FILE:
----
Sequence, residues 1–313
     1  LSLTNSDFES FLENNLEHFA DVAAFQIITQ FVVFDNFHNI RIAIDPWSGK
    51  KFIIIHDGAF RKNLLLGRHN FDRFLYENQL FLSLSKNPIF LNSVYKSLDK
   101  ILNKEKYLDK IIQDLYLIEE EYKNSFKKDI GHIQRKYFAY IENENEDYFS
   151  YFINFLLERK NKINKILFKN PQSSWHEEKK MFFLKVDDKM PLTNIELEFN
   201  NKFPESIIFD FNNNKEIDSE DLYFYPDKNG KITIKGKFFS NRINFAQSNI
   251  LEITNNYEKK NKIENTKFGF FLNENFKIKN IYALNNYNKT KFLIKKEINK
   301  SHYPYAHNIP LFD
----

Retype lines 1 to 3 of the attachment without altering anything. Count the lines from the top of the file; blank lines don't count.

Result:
Sequence, residues 1–313
     1  LSLTNSDFES FLENNLEHFA DVAAFQIITQ FVVFDNFHNI RIAIDPWSGK
    51  KFIIIHDGAF RKNLLLGRHN FDRFLYENQL FLSLSKNPIF LNSVYKSLDK